There’s a fleeting shot, about three minutes into Her Silo’s “Lowleenest” video, of a woman sitting on a couch, her face illuminated by a lamp. She stares ahead, squints, swallows, and adjusts her posture. Her expression is one of loneliness, anxiety, and anguish, but there’s something mundane about her sullenness. If she resembles a quietly tormented 1950’s housewife waiting for her husband to return home from work, that’s because she is a quietly tormented 1950’s housewife waiting for her husband to return home from work.
Seattle artist Clyde Petersen made the video using found footage from a 1958 film that depicts a couple’s domestic life in dramatically-lit black and white scenes. Petersen landed on this approach after fellow Seattle singer-songwriter Jessica Lambert–AKA Her Silo–told him that she didn’t want to appear in the video herself.
“When we were brainstorming ideas for the video I mentioned that I didn’t really want to be in the video, and he suggested maybe doing something with found footage,” says Lambert. “The footage we decided to use is from 1958 and it follows a couple going throughout their day, at a time when technology was really beginning to alter people’s lives and interactions. This resonated with me. I’m old enough to remember a period of time before smartphones and social media were always at our fingertips. It’s definitely altered people’s lives in its own way, and I believe it also contributes to a lot of loneliness.”
The video–premiering today on American Songwriter–highlights the song’s themes of self-isolation and loneliness.
“I’ve always been a bit of an introvert and over time I’ve realized I have a habit of isolating myself,” explains Lambert. “I think I was exploring these thoughts and feelings as I was writing ‘Lowleenest’ and questioning how much of this self-imposed loneliness or introversion is based in fear, and also exploring how different changes in life have created distance from people or a life I used to know.”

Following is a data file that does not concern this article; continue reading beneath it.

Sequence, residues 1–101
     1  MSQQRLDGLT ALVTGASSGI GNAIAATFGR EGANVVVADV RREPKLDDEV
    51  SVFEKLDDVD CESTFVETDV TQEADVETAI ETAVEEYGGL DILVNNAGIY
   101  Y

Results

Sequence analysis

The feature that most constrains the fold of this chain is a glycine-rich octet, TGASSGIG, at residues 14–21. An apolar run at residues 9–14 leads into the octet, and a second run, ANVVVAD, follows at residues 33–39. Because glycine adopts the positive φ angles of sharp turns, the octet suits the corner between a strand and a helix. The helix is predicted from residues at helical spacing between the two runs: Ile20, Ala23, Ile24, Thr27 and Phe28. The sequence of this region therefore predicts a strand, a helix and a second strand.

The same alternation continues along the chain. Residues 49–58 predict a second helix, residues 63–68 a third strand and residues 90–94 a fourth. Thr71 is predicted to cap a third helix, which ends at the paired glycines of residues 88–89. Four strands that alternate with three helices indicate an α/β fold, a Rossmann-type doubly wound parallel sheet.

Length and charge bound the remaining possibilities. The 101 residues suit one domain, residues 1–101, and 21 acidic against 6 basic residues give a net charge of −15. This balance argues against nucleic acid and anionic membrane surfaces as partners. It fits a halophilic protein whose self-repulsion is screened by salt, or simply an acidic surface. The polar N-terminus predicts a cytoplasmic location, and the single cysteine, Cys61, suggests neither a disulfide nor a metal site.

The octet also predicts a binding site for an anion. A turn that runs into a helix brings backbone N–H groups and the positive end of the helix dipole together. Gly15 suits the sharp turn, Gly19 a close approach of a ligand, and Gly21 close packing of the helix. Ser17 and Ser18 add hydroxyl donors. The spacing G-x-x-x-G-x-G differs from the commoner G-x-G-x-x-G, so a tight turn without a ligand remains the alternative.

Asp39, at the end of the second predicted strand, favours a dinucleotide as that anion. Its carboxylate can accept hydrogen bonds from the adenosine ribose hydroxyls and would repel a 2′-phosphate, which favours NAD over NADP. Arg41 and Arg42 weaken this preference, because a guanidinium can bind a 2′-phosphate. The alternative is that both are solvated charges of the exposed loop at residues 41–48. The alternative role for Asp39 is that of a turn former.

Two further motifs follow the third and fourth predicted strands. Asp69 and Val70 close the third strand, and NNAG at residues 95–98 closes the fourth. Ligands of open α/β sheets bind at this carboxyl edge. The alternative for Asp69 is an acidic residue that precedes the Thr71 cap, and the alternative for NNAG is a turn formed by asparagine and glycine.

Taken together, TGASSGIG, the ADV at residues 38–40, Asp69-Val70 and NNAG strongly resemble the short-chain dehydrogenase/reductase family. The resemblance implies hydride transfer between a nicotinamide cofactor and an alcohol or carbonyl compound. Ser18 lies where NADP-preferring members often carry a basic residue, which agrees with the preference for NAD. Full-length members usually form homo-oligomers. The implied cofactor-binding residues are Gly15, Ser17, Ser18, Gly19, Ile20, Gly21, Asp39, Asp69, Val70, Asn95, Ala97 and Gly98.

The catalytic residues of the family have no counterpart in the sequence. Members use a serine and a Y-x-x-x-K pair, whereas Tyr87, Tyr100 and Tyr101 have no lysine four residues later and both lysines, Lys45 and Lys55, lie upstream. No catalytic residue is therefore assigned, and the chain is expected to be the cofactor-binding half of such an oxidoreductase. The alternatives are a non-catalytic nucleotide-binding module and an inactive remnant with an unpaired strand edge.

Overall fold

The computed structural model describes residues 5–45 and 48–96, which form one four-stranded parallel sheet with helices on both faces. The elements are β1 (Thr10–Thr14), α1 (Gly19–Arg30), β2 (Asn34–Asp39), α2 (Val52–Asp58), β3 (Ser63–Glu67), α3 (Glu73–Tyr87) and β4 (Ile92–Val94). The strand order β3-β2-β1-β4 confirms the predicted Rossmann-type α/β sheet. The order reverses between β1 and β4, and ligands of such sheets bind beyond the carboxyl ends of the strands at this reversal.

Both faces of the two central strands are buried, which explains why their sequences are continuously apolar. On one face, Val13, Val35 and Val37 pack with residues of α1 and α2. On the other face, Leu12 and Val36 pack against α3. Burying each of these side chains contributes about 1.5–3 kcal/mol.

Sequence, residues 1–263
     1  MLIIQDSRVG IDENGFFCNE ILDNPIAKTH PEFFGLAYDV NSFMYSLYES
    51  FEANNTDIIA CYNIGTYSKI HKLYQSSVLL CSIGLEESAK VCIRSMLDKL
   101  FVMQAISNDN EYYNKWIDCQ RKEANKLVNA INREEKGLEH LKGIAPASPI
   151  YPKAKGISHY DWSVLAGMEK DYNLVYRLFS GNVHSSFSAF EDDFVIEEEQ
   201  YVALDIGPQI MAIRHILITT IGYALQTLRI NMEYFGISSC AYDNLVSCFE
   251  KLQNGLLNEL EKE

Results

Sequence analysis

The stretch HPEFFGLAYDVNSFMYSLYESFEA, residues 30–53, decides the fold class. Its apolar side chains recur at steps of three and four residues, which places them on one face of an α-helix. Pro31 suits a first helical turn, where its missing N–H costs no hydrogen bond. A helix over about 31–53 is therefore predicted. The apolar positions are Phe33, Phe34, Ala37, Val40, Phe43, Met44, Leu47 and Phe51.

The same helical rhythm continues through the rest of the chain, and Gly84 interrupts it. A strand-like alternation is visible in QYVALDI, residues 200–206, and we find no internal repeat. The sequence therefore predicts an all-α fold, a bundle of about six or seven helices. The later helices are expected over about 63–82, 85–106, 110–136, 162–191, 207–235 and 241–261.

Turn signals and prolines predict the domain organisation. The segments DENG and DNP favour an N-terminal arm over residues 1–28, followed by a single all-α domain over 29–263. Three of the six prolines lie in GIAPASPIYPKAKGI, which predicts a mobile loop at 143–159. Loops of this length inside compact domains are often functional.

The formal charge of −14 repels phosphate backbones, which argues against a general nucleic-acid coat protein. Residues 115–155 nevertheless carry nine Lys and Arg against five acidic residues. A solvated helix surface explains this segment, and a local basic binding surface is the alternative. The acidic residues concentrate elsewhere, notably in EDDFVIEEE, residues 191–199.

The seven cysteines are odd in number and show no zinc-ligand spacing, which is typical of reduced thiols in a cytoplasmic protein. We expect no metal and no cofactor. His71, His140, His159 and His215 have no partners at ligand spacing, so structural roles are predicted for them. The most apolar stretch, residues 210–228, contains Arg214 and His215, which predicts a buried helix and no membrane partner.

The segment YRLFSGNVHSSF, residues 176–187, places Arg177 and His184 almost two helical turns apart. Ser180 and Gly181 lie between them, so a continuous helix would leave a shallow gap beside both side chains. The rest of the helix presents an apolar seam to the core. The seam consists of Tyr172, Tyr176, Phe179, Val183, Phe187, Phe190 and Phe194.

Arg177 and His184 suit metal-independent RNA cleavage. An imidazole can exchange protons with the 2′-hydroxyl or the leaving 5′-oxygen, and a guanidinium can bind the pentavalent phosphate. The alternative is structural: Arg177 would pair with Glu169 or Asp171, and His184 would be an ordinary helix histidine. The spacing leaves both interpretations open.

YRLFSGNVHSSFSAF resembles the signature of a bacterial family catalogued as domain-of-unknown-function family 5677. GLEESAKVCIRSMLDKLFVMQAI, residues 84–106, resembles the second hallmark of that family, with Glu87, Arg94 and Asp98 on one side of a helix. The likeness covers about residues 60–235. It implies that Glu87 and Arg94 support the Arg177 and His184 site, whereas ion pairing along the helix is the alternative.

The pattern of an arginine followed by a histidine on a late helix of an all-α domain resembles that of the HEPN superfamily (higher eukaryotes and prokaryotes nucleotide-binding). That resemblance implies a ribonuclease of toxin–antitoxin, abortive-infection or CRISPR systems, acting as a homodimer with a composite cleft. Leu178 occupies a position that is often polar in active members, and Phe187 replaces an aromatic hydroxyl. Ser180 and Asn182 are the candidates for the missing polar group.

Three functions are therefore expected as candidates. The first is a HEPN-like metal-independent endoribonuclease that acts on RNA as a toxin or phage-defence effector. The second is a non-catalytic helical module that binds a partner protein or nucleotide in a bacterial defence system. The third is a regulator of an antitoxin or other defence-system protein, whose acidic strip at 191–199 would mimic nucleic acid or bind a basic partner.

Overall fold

In “Lowleenest,” Lambert delivers introspective verses with rich, haunting vocals: “Sometimes I feel so hollow / Making such somber sounds / But I find truth in the dark / Being someone else is too damn hard,” she sings. Her voice shimmers even when it’s suffused with sadness.
Lambert’s swaying chorus–”But I hate the loneliness / I hate the loneliness”–calls to mind some of the darker numbers on Cults’ 2011 self-titled debut album, such as “Rave On” or “Most Wanted,” in which vocalist Madeline Follin navigates similar terrain: “On a boat on my sailing ship on my own / Far away from it give me death, but don’t give me this,” she sings in the former.
Lyrically, “Lowleenest” also calls to mind another Cults track. Here’s Lambert: “Try not to make this harder / Don’t wanna drag you down / I can’t be what you want / If it’s all I’m not.” And here’s Follin, in “Never Saw the Point:” “I never saw the point in trying / Cause I would only let you down / And I just couldn’t take you down there with me / I just can’t stand to see you drown.” Both lyrics fixate on similar relationship fears, yet Lambert’s slow delivery on “Lowleenest” is especially aching.
“Lowleenest” is the second single off Her Silo’s debut album, Don’t Forget The Heart That’s Beating, following lead single “Bones”–an indie folk number that, like “Lowleenest,” has a moody, pop sensability (Lambert cites Bruce Springsteen, Damien Rice, and Isaac Brock as influences). Produced by singer-songwriter Joshua James, the album features contributions from guitarist Evan Coulombe, drummer Ronnie Strauss, bassist Stuart Maxfield, and cellist Aaron Child. James recorded and mixed the album at Willamette Mountain Studio in Utah.
Don’t Forget The Heart That’s Beating is out Feb. 21.